Open Source Hardware is a piece of hardware that is manufactured according to the free blueprints. The movement and idea are close to or goes back to the Free Software, Open Source and DIY movement. Even if “open source hardware” often has a lot in common with open source software, “open hardware” can also take place far away from software technology: For example, the project “Open Source Car” tries to develop free blueprints for a car, i.e. a freely available “recipe” for DIY-ing. Even further with Thingiverse, where objects are to be made available as 3D printable CAD files. The project “Solar” tries to spread cheap self-construction solar systems in developing countries, also to enable cooking and heating without firewood.
The projects Libreboot and coreboot to replace proprietary BIOSes are sometimes also assigned to the free hardware since the BIOS was assigned to the hardware from a historical perspective. While in the early days of computers the BIOS was completely stored in an OTPROM and thus inseparably anchored in the hardware, this is now, analogous to any other software, completely interchangeable. As one of the first computers in series production, the non-profit project $100 laptop wants to equip all its computers with coreboot. Sun Microsystems surprisingly disclosed the design of its well-known SPARC processor architecture under the name OpenSPARC and made it available to the general public under the GNU General Public License. Under the name “Open Compute Project”, Facebook has released both the architecture of its servers and a data centre.
From the field of textile processing comes the AYAB project, which provides the common knitting machines Brother KH-9xx with a modern and open Arduino-based control.
In addition to the above-mentioned contributions on traceability, consumer protection and the circular economy, various studies point to significant cost savings through open-source hardware. In the areas of microcontroller developer boards and additive manufacturing, the average cost savings from open hardware compared to proprietary solutions were 94 per cent.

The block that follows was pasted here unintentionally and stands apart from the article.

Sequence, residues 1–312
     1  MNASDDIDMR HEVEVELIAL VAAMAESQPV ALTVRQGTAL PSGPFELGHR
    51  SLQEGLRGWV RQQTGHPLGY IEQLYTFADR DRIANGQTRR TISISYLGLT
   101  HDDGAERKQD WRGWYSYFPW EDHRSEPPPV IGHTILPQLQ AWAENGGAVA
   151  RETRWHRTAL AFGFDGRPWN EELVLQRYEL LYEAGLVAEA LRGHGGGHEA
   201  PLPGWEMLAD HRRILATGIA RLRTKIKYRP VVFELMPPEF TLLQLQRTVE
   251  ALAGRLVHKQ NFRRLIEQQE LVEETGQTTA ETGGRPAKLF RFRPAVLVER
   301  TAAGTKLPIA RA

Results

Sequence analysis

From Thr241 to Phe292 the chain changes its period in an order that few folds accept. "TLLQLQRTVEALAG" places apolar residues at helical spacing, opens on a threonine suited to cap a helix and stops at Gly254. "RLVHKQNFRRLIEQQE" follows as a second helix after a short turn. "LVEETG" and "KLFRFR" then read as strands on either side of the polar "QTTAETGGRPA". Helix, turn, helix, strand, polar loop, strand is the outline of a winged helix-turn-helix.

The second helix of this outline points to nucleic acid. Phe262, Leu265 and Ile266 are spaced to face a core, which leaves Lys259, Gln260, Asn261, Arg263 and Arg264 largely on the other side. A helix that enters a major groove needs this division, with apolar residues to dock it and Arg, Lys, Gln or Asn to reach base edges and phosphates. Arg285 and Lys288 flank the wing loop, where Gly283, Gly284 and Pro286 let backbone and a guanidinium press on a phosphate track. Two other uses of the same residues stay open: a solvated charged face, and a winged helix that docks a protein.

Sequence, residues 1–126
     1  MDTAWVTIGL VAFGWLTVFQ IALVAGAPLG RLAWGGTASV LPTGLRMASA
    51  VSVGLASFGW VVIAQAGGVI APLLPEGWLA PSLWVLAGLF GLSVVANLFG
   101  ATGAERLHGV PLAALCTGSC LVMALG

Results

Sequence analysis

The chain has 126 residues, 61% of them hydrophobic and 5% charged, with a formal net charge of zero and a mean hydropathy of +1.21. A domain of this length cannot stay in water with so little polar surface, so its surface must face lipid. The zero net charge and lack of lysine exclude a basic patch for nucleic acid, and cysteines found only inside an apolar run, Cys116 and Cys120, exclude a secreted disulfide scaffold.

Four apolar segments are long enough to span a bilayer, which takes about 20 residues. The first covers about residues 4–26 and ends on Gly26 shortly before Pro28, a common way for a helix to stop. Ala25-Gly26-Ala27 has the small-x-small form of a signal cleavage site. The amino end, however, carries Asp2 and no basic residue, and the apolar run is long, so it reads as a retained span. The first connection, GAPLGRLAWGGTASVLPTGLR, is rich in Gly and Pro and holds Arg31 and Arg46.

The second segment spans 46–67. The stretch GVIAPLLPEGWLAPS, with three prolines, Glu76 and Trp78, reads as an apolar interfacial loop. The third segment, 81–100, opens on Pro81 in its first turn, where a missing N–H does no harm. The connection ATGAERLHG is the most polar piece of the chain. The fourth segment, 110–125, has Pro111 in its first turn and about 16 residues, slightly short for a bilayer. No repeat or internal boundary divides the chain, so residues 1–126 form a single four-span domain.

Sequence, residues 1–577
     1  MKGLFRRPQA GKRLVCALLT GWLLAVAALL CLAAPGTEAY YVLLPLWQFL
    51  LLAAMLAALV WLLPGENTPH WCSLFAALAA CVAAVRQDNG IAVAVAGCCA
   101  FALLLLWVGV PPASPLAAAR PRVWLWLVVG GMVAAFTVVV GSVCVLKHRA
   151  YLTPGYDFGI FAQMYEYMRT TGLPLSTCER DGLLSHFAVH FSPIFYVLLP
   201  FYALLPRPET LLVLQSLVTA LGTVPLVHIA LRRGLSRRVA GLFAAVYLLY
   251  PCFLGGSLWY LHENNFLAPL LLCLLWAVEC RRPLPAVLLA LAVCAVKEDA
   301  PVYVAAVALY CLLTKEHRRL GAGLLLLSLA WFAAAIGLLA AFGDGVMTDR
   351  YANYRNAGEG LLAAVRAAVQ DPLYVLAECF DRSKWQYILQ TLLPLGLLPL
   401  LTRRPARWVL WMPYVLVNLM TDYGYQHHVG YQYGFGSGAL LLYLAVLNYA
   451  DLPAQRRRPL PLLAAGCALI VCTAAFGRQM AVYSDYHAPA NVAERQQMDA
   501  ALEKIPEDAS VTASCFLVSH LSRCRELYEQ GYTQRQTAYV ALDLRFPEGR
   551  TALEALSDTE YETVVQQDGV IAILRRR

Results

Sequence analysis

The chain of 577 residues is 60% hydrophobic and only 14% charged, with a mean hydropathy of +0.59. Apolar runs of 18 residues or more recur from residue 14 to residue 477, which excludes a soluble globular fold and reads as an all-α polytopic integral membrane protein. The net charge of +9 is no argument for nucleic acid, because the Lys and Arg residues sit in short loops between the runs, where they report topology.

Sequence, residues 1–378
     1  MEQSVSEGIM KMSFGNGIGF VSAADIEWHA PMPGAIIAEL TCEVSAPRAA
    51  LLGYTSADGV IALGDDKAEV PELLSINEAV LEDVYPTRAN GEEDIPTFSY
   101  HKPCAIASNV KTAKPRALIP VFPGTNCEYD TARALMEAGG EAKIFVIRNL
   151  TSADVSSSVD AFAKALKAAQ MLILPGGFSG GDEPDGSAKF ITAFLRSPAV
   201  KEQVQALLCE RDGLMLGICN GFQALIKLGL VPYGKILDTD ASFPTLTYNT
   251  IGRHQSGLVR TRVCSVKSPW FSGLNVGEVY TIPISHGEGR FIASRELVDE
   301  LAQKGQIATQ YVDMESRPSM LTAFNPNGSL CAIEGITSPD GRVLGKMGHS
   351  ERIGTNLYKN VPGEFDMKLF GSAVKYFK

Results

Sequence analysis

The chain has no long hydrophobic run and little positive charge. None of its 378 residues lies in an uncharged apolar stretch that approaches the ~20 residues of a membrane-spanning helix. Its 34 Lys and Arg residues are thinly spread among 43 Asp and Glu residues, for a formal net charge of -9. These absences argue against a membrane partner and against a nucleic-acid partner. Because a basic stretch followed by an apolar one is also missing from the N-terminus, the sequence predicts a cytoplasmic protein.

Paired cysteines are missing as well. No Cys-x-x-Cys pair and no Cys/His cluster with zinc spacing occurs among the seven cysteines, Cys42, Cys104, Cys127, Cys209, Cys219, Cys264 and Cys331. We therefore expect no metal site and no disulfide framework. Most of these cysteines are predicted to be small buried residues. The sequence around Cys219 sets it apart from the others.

Hardware, unlike software, is often not subject to copyright, open-source hardware licenses are more focused on patent law as a mechanism of action, unlike FOSS licenses, which are based on copyright. Free hardware can be released to different extents depending on the project. Many manufacturers often only share parts of their implementations for users’ projects. For example, only the firmware of the WRT54GL wireless router was (forced) to be placed under GPL by Linksys; of the robot vacuum cleaner Roomba only the programming interface was published. In addition, independent parts of a project can be subject to other licenses. This means that interfaces, software and hardware, for example, can have different licenses.
Open hardware licenses
Known and in use open source hardware licenses are:
- TAPR Open Hardware License
- Balloon Open Hardware License
- Hardware Design Public License
- CERN’s CERN Open Hardware License
- Solderpad License, a variant of the Apache License version 2.0
- ChumbySDK and HDK license.
- BSD license, MIT license, and other permissive FOSS licenses.
Richard Stallman (GNU and FSF) recommends different licenses for free hardware for different use cases.
- For general construction plans, the GNU GPL v3 (or later), the Apache license v2.0, and the CC-0 (a public domain-like license).
- For functional 3D blueprints, the GNU GPL v3 (or later), the Apache license v2.0, and the CC-BY-SA, CC-BY, or CC-0 licenses.
- For decorative designs, the GNU GPL v3 (or later), the Apache v2.0 license, the CC-0, or any other Creative Commons license (including the proprietary ones).